On a balmy July night, Jeff Will pointed up at a building on the corner of First and Broadway in Jordan. A dance studio was the most recent tenant but the building has been vacant for six months.
“Do you see that?” the lifelong Jordan resident and City Council member asked, tilting his arm to show how the building leans a little.
The off-kilter structure is a reminder of a roadblock to downtown revitalization, he said: Who’s going to pay $150,000 for an old brick building that needs structural repairs when a new one can be built for less?
Beautiful old buildings, arguably Jordan’s biggest asset — 15 properties are listed on the National Register of Historic Places — also may be its greatest challenge, he said.
“Some of these buildings become a financial challenge, and that’s my point,” he said. “Is that a city hall problem, or is it just a matter of finding the right person to fall in love with it?”
On this particular evening a small troop of residents, business owners and city staff, members of Jordan’s downtown advisory committee, strolled the nearly deserted streets.
They noted what needs improvement and asked questions: Should there be a sign here? Would it look nice to extend fencing by the bridge? Whose job is it to weed beneath the trees on the boulevard?
Since April, the committee has been weighing the impact of small updates — benches, informational kiosks, decorative paving — to accompany $1.6 million worth of fixes being made next summer, including three blocks of new roads and sidewalks.
The city also is trying to make major changes. Officials used grant money to develop the 2013 Downtown Jordan Master Vision. The 90-page document, filled with recommendations, maps and cityscapes, is intended to guide planning decisions.
Each year, the city puts $50,000 toward implementing the plan, said interim city administrator Tom Nikunen.
But in trying to make updates, the city faces the same uphill battle as many other small, older downtowns in their quest to become a Stillwater or a Northfield.
One problem is the is the “lack of vitality,” said Thom Boncher, City Council member.
Salon owner Jeanna Orris is already in love with the possibilities in quaint Jordan, population 6,300 and growing. But “it needs a lot,” she said of the city center. “Have you seen all the empty buildings?”
Nikunen countered that there are between four and six vacant buildings once recently sold or leased properties are eliminated.
“We’d like zero, but it’s improving,” he said.
Orris, owner of Studio J salon, said that while there are plenty of antique shops around, other businesses are notably missing: a family restaurant, a dry cleaner, an ice cream shop, maybe a place to buy a birthday present.
“You know, like those cute little things that families do together in small towns?” she said.
There’s work to do, agreed committee member Vicki Anderson, owner of The Vinery Floral, Home and Garden: “I win the lottery, I’d come down here and redo the whole place.”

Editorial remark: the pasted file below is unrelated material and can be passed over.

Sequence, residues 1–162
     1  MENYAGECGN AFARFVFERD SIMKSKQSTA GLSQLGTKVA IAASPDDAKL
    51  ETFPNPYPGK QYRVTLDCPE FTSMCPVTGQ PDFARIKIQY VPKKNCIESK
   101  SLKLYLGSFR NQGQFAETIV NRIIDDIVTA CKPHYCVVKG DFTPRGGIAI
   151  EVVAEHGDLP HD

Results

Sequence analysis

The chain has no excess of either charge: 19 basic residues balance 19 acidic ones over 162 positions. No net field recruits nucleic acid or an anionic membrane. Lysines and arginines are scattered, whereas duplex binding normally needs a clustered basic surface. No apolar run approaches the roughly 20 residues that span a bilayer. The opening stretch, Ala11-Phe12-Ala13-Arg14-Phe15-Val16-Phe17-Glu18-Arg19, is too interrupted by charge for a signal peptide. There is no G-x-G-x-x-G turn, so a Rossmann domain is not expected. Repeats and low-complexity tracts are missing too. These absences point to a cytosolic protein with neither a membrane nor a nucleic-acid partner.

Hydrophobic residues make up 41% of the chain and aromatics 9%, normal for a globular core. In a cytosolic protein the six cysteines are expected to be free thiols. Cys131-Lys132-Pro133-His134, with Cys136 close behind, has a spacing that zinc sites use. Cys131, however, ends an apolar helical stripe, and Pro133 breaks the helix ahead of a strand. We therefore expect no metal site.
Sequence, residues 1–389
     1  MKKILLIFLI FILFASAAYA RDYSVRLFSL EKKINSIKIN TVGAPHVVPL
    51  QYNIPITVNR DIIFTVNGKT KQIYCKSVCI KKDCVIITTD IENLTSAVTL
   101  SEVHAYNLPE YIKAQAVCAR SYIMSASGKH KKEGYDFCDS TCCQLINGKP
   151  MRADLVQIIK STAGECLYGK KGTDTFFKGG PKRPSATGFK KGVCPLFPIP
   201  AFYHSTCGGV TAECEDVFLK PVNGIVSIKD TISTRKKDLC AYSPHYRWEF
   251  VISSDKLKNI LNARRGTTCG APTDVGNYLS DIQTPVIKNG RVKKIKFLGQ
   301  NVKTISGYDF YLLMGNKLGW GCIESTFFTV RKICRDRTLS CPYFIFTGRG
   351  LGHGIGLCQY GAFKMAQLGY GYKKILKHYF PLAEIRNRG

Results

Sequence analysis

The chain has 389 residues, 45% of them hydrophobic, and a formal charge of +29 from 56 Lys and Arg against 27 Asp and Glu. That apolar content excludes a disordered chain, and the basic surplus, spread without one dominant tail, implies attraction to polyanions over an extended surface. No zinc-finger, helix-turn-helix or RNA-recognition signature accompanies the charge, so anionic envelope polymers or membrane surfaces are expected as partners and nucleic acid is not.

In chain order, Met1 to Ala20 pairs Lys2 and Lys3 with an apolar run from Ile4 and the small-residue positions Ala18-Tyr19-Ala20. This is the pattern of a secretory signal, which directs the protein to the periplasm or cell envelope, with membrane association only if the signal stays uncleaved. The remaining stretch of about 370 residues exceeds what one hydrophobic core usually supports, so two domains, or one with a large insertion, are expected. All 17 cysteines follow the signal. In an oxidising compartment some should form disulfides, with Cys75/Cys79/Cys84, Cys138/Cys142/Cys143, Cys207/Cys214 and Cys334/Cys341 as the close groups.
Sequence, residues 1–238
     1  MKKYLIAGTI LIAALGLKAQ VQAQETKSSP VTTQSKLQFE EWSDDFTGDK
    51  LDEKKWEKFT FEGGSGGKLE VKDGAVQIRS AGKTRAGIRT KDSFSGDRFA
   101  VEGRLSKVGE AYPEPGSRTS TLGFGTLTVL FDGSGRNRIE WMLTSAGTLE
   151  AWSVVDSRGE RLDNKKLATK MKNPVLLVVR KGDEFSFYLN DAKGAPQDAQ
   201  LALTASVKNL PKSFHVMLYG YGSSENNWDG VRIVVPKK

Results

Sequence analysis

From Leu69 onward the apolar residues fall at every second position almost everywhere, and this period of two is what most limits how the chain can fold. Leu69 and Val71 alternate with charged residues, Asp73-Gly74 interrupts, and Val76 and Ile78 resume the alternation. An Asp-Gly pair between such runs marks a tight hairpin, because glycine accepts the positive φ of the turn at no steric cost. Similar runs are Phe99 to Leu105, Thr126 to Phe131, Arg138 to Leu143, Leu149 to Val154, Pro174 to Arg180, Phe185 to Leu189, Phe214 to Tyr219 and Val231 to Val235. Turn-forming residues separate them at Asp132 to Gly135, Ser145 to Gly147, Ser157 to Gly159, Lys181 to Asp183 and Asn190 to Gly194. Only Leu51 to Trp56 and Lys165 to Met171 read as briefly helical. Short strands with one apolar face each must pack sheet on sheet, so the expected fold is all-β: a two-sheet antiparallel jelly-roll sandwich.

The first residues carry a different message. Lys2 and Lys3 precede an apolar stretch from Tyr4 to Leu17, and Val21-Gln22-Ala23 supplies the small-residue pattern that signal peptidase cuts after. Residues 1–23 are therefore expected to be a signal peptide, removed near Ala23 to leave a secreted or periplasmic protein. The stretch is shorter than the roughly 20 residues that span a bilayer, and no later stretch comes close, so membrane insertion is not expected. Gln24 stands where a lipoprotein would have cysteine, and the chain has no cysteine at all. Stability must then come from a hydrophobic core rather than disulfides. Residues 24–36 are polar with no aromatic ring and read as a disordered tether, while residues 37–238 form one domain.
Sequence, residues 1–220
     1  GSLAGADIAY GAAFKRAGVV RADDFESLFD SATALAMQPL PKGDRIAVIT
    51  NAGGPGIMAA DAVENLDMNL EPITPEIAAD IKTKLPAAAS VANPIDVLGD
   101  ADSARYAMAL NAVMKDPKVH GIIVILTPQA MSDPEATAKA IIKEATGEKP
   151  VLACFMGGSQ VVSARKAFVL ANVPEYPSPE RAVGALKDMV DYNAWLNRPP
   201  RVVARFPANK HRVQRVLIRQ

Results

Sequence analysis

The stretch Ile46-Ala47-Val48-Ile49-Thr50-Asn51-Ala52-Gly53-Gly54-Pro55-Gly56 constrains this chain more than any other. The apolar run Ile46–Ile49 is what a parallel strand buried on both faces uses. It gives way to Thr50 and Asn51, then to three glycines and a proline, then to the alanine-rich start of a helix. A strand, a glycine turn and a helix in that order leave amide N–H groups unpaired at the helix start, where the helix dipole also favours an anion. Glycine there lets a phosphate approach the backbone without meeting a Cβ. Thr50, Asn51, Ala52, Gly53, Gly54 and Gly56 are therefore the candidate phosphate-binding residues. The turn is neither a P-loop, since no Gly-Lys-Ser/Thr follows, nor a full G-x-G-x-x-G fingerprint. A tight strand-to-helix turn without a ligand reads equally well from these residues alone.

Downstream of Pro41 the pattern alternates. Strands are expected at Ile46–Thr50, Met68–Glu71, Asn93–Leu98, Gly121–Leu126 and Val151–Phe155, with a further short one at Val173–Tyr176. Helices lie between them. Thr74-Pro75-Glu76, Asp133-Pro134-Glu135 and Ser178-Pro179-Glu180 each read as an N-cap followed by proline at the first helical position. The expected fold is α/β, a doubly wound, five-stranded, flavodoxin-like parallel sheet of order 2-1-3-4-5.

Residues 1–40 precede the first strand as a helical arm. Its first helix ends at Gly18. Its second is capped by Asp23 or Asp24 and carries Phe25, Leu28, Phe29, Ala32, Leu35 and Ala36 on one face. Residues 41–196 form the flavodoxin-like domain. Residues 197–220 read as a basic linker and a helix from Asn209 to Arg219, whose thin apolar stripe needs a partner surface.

Locals aren’t the only ones to see potential in the city’s quiet streets. “They have a fabulous number of preserved buildings in downtown Jordan,” said Kathleen Klehr, director of the Scott County Historical Society.
More remarkable: the buildings are actively being used, she said.
Many of Jordan’s brick buildings are more than 120 years old. Bars, antique stores and coffee shops now inhabit what used to be a harness shop, an opera house, even a cigar factory.
Some properties, like Pekarna Meat Market or the Jordan Baseball Park, known to generations as the Mini-Met, are landmarks that remain nearly unchanged since the 1890s.
The right mindset
As one of two city planners in Jordan, Andrew Barbes likes to talk about his hopes for the future of downtown. Even problems — like vacancies — can be seen as opportunities, he said. “That’s the kind of mindset you have to have.”
Anderson said tourists often ask her for directions to sites like the waterfall or the “candy barn.” It happens 20 times a week, she said.
Visitors come to Jordan randomly today, Barbes said, but one day it could be a destination. “This town, I just see it as a growing city that’s also trying to hold onto its classic values, you know?” he said.
A positive sign: housing permits this year are outpacing last year’s numbers, Barbes said.
And high hopes are pinned on plans to bring a brewery downtown. A brewer wanted to use the historic Jordan Brewery for the operation, but the site was recently damaged by flooding.
Instead, the microbrewery will be located in the now-vacant library. “The city is looking to help out a new vendor any way we can,” he said. “And it’s beer, so it never hurts.”
Jordan also is encouraging downtown revitalization through a matching grant program, instituted in 2010, which has helped businesses make $100,000 worth of updates, said Joanne Foust, a planning consultant hired by the city.
Will said business owners do want to see dramatic changes, but a recent survey shows that keeping costs low is their first priority.
Orris is hopeful, but said she doesn’t know how much the City Council can really do to encourage new businesses to come to town.
“I do feel like it has so much potential. It’s going to get better,” she said. “It’s just going a little bit slower than I’d like it to go.”